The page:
The years between World War I and II were a time of rapid growth for the Japanese toy industry. Germany had dominated toy manufacturing prior to 1914 but with the advent of the war, the U.S. and other countries embargoed German goods. As a result, Japan, which was an American ally, picked up the slack and became a major toy producer. In fact, I was able to find a transcript of Senate hearings from the 1920s in which the toy industry requested tariffs on Japanese products due to what they perceived as unfair competition. "Fighting" Bob LaFollette was on the committee and A.C. Gilbert testified.
The above-pictured battleship must have been for Japanese domestic consumption as it flies the Japanese flag. I like those wheels.
Pictured above are collector cards featuring what appear to be Mickey Mouse and Donald Duck with strange, over-sized human hands. I wonder if they had the license.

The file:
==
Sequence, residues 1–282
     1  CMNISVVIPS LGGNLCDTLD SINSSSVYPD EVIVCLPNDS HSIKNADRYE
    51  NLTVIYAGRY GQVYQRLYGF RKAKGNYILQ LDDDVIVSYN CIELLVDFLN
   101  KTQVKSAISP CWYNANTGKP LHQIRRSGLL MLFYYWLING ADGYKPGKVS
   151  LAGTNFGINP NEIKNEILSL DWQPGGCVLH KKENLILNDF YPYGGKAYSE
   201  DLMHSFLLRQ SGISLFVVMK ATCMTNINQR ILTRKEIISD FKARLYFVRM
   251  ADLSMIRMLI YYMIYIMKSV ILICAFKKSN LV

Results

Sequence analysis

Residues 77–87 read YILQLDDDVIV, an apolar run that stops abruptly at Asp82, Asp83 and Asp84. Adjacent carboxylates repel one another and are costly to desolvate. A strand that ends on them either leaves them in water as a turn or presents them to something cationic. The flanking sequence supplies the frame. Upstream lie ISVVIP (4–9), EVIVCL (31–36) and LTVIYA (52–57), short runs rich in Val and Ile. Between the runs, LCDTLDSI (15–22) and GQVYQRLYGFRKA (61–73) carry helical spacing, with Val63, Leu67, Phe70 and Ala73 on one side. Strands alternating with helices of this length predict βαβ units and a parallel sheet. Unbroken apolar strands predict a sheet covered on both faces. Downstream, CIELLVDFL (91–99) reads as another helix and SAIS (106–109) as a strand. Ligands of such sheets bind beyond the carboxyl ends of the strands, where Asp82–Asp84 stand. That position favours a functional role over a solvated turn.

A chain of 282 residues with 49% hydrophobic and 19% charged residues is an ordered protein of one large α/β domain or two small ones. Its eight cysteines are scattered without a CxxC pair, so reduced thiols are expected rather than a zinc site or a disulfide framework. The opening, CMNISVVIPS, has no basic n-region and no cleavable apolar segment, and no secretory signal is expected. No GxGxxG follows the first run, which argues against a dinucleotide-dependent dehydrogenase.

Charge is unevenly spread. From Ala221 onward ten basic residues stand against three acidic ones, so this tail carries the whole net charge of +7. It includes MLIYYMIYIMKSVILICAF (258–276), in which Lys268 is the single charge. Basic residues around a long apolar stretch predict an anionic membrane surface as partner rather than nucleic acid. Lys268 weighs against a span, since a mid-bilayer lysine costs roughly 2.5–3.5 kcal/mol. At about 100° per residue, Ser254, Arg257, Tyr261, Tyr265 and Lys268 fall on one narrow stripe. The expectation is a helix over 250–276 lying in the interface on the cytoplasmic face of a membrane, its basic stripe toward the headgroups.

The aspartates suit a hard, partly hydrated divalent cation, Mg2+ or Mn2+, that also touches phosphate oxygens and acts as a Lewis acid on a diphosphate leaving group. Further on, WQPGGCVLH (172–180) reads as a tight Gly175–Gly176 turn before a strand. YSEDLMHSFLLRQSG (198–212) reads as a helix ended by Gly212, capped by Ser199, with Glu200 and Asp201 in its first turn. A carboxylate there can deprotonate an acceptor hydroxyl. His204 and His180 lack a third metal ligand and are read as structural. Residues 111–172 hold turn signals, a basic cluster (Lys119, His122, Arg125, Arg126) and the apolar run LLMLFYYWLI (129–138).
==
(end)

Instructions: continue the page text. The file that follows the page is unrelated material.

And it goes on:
The above paper dolls are interesting as they are, due to the use of Japanese on the page, designed for the Japanese domestic market. It is interesting to see what kind of accessories were featured (note the sandals)
The above Pachinko game was an at-home version of a popular gambling game. It's a precursor of pinball machines. I was amused to learn that the word "Pachinko" is not a Japanese word but is the sound the ball makes as it hits the pins.
The wooden block toys, shown above, also appear to have been designed for the Japanese market. They featured various animals and plants and even what appears to be a cactus.